Faculty of Science news
By Jane Brody, The New York Times Let’s start the new year on scientifically sound footing by addressing some nutritional falsehoods that circulate widely in cyberspace, locker rooms, supermarkets and health food stores. As a result, millions of people are squandering hard-earned dollars on questionable, even hazardous foods and supplements.
Dr. Joe Schwracz and Dr. Andre Saine debate, Homeopathy: Mere Placebo or Great Medicine? Part two of a 2-part debate on Naturopathic Medicine.
Did you miss this year's Trottier Symposium, Food: A Serving of Science? If so, tune in here and catch both evenings events, with speakers Dr. Walter Willett from Harvard's School of Public Health & Dr. Jeffrey Blumberg Tuft's School of Nutrition, and Jane Brody, NY Times' Personal Health Columnist and Harold McGee, world-class expert on food and cooking. Guarantee it will give you something to "chew" on.
High-tech entrepreneur’s gift will create two institutes and funds a symposium... MONTREAL — Philanthropist Lorne Trottier wants people to have a greater appreciation of science and engineering so he is donating $15 million to McGill University to help strengthen research and support outreach and public policy in those areas. The high-tech entrepreneur and alumnus will also help fund a public symposium on sustainable engineering in society in collaboration with the Université de Montréal’s École Polytechnique.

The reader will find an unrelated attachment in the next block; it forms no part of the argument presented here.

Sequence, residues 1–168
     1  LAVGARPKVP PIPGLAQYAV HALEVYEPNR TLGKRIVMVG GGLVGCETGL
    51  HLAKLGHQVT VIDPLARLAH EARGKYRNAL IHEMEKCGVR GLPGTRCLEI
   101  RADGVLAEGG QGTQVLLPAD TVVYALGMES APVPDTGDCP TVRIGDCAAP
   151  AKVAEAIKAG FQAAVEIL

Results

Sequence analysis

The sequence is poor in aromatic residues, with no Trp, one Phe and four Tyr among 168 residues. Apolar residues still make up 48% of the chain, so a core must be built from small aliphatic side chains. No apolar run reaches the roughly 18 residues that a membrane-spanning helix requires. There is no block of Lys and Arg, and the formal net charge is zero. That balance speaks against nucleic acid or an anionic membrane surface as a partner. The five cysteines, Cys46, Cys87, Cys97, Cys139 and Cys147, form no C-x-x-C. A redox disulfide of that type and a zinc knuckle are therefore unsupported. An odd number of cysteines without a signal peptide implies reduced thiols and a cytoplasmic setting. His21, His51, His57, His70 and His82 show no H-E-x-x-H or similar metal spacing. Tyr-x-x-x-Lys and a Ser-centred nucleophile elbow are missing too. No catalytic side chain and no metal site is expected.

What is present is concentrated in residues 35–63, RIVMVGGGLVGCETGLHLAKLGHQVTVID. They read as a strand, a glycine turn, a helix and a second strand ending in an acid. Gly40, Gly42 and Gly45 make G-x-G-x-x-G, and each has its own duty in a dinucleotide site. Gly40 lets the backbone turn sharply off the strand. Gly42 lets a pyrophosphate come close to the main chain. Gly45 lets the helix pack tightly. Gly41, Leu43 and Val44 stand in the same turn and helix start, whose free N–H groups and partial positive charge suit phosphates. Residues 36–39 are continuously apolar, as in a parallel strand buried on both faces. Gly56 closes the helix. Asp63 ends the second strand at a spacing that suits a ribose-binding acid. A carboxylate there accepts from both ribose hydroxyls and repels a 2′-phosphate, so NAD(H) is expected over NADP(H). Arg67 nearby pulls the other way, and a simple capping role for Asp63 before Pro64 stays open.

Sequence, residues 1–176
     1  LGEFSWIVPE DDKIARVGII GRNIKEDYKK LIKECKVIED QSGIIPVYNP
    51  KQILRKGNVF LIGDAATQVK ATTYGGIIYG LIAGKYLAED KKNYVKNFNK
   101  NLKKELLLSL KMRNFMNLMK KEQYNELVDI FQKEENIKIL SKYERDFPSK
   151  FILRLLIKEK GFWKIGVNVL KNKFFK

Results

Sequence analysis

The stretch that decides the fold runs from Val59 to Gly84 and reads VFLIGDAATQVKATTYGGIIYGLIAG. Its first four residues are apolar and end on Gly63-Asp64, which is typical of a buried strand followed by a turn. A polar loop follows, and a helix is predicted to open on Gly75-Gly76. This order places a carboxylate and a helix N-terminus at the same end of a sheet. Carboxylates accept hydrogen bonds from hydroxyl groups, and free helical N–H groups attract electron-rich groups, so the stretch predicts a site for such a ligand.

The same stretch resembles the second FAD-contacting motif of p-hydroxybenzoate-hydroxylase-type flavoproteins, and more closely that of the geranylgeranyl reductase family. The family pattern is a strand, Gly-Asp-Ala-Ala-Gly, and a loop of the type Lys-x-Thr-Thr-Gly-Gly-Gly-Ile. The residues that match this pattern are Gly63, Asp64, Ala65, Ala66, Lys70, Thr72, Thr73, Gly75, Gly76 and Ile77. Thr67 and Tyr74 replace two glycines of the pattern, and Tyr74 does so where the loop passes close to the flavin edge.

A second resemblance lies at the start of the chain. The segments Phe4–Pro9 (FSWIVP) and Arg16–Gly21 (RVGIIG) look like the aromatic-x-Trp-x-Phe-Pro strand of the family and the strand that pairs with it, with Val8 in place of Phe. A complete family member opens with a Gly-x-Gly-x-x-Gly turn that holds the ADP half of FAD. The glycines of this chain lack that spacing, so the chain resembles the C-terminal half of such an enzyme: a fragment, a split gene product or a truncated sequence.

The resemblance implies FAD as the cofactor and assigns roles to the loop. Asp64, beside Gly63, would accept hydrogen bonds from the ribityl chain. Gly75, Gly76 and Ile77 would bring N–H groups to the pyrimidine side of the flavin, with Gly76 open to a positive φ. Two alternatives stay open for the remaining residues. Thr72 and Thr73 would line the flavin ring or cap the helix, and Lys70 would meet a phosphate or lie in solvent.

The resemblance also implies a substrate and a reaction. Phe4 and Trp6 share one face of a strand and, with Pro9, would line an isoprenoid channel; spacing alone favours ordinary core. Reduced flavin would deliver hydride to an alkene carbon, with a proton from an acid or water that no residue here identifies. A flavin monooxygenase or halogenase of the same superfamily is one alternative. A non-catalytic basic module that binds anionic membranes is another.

The Faculty of Science offers congratulations to Professors Laurie Hendren (Computer Science), Bruce Lennox (Chemistry), Chao-Jun Li (Chemistry), and Timothy Moore (Geography), on being named Fellows of the Royal Society of Canada! Kudos also to the following Professors who are RSC Medal recipients: The Flavelle Medal, Siegfried Hekimi (Biology); the Rutherford Memorial Medal in Physics, Guy Moore (Physics); and the Miroslaw Romanowski Medal, Catherine Potvin (Biology).
Master's physics student Tim Blais' a capella "Rolling in the Higgs" video picked up steam over the weekend, racking up over 60,000 hits (at last count) on YouTube and picking up some major international press.
A new study, published in Nature on August 30, suggests that increasing deforestation could be avoided provided farmers made better use of water and nutrients on land currently under cultivation around the globe.
McGill University is taking an interest in Prince Edward Island's environment. A professor and some students are looking to develop an "ecosystem management model" based on Island research. Students were on P.E.I. during the summer, collecting data.
When one of the residents of the National Zoo in Washington recently revealed her love of music to zookeepers there, some ears perked up. Shanthi, a 36-year-old Asian elephant loves playing (with) her harmonica.
(Chemistry prof Joe Schwarcz): "Double, double toil and trouble, fire burn, and cauldron bubble!" But how do you make that cauldron bubble on stage? That's what the stage manager of a local production of Macbeth wanted to know. Wasn't too hard to answer that one. It just takes a little chemical witchcraft in the form of dry ice!
Research suggests infants may be able to perceive that speech can communicate unobservable objects that are essential for social interactions.
One afternoon in May, Ryan Lynch, wearing a name tag featuring a doodle of the planet Saturn, is tanding at the front of a room full of Fourth Graders at the Akiva School in Westmount. This is not a typical Lynch day: on any given workday, you’ll find him sifting through data in the Rutherford [...]